Integrated Family Community Services 3370 South Irving Street, Englewood, CO 80110-1816 Ph: 303-789-0501

Building a Better Business: Corporate Social Responsibility — Integrity in Business

If the coronavirus pandemic has taught us anything, it is that we are all one community. We are all a part of one single human family.

We are learning through this great global crisis that we are all interconnected. That we are all wholly dependent on one another, and that means that our actions have wide-ranging, long-lasting consequences. This applies not just to our personal lives, but to our work life as well.

In an increasingly interconnected world, there is simply no such thing as neutrality in work. All work has consequences, for good or for ill. The kind of work we do and how we choose to do it determines whether we will leave this world a better place than we found it — or a worse one.

This article discusses the issue of ethics in modern business and the growing significance of corporate social responsibility as a replacement for traditional profit-only business models. It also provides strategies you can use today to promote integrity and compassion in your workplace.

What is Corporate Social Responsibility?

Put simply, corporate social responsibility (CSR) is a business model built upon the premise of giving back to the community. Rather than centering on a standard profits-focused paradigm, CSR seeks to use the power of entrepreneurship to make the world a better place.

CSR initiatives seek to support and advance a range of causes, from promoting environmental sustainability to fighting economic inequality and pretty much everything in between. One of the most powerful aspects of incorporating CSR into your business model is that it enables you, your organization, and your employees to serve a purpose greater than yourselves.

When you work with purpose, your days are enriched with meaning. You’re no longer driven just to increase your productivity or grow your revenues. You’re motivated to make a difference in the world outside your office space and beyond your bank account.

You will see it in the homes you helped to build; the families you helped to feed; the parks you helped to preserve. And that sense of purpose is going to make getting up and going to work each day that much more valuable, that much more important, that much more necessary.

Turning the Tide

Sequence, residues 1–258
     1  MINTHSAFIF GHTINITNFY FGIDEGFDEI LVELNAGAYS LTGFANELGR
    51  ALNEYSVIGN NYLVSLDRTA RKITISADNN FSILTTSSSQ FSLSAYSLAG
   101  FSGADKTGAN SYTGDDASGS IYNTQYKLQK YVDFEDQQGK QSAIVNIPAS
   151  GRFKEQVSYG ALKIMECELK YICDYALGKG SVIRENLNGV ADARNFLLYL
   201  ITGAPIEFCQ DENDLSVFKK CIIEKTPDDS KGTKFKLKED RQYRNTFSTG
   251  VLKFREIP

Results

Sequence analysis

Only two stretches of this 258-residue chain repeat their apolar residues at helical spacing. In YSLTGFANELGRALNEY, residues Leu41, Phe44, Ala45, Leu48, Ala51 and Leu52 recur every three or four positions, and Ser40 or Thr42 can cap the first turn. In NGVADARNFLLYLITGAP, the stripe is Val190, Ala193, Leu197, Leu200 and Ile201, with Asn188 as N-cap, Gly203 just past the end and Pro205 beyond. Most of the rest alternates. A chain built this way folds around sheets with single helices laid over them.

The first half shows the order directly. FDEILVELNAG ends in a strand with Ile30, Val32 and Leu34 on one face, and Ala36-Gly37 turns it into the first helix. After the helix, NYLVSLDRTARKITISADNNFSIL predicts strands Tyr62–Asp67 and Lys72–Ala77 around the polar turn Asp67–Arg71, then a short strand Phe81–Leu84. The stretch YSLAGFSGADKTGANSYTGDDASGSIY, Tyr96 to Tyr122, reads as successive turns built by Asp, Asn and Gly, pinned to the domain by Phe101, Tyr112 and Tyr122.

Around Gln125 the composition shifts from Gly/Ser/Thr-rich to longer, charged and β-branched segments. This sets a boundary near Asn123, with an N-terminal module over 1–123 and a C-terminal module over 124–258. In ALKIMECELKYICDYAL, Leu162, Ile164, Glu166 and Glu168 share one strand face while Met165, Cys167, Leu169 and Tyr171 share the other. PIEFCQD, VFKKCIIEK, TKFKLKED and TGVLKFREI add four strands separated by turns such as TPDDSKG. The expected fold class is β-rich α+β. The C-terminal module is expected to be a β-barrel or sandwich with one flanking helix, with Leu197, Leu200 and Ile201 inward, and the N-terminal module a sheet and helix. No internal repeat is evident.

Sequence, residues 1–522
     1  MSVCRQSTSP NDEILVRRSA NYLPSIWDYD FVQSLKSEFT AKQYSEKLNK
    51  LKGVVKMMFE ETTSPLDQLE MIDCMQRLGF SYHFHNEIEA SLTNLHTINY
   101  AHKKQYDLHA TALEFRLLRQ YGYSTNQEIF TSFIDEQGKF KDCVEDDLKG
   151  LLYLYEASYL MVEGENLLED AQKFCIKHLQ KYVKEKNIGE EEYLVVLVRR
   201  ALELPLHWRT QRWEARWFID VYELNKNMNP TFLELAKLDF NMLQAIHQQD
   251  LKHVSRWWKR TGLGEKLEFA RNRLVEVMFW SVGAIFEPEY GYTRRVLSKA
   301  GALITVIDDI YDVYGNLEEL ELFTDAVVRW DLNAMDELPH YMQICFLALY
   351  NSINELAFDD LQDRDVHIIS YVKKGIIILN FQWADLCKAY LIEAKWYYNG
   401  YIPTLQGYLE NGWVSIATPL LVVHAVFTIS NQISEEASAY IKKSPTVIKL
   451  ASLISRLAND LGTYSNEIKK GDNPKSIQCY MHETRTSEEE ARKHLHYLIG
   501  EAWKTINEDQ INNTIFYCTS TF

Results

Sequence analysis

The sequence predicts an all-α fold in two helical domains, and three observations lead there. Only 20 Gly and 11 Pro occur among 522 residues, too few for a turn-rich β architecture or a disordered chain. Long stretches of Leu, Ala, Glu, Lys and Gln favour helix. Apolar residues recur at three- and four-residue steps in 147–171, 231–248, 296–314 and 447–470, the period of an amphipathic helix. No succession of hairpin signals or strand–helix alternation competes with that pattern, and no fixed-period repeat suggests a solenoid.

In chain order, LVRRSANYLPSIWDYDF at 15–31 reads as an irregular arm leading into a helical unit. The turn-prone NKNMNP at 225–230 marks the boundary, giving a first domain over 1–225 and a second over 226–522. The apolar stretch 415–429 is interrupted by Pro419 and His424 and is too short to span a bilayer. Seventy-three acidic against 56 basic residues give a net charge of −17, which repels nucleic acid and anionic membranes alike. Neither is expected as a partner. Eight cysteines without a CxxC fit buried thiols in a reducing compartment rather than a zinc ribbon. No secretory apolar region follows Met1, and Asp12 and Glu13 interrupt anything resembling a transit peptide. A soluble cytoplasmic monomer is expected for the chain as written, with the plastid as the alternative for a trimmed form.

One of the most profound changes that the advent of the CSR model has brought to modern business is the practice of putting people before profits. The history of business from the Industrial Revolution to today has all too often been a history of exploitation — of workers, of communities, of entire societies.

Take, for example, the continued use of asbestos in some of the most common industries in the United States and Canada, including constructions and shipyards. Asbestos has been definitively linked to mesothelioma, a rare and deadly form of lung cancer.

As a result, asbestos has been banned throughout much of the developed world. And yet workers across North America continue to be exposed each and every day — and they’re dying as a result.

CSR models would never permit the use of such dangerous materials, even if the business costs of eradicating the materials and transitioning to a safer alternative were significant. In the CSR paradigm, there are goals other than, or at least in addition to, profit that businesses are obligated to pursue. 

Becoming a B-Corp

Even if your organization was built on a standard for-profit model, you can always choose to transition your organization to a non-profit or B-corp model. This will not only speak to your vast commitment to integrity and ethics in your business practices, but it will also help you link to vital resources to support you in your new organizational mission.

Transitioning to non-profit, of course, means that your company will by definition have far less disposable income to play around with. But that doesn’t mean you will be limited in the ways you can give back to your community beyond the particular mission your non-profit has been designed to serve.

For instance, you will undoubtedly have access to business resources that you can use to meet a specific community need. If your office has a large meeting space or conference area, you might open it up as a venue where local youth clubs or health organizations can meet. Likewise, if you have company cars, you could donate these to offer seniors free rides to medical appointments.

You can even partner with local, national, or international charities, such as, to raise funds for individuals and families in need. 

The Takeaway

The world of business today is rapidly changing. It’s no longer okay to prioritize profits over people. In an increasingly interconnected world, responsible entrepreneurship requires integrity and ethics. Doing business today means using your work to truly make a difference in the world.

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Integrated Family Community Services is a 501(c)(3) non-profit organization.

Financial Accountability

IFCS’ Tax ID # 84-0579740